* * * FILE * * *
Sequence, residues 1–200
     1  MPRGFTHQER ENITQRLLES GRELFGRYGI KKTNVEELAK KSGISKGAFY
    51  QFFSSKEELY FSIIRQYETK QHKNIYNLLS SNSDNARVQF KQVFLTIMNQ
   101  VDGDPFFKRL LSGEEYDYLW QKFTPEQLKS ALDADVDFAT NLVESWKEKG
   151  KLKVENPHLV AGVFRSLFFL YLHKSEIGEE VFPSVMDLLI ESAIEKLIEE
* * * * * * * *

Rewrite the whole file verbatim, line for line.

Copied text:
Sequence, residues 1–200
     1  MPRGFTHQER ENITQRLLES GRELFGRYGI KKTNVEELAK KSGISKGAFY
    51  QFFSSKEELY FSIIRQYETK QHKNIYNLLS SNSDNARVQF KQVFLTIMNQ
   101  VDGDPFFKRL LSGEEYDYLW QKFTPEQLKS ALDADVDFAT NLVESWKEKG
   151  KLKVENPHLV AGVFRSLFFL YLHKSEIGEE VFPSVMDLLI ESAIEKLIEE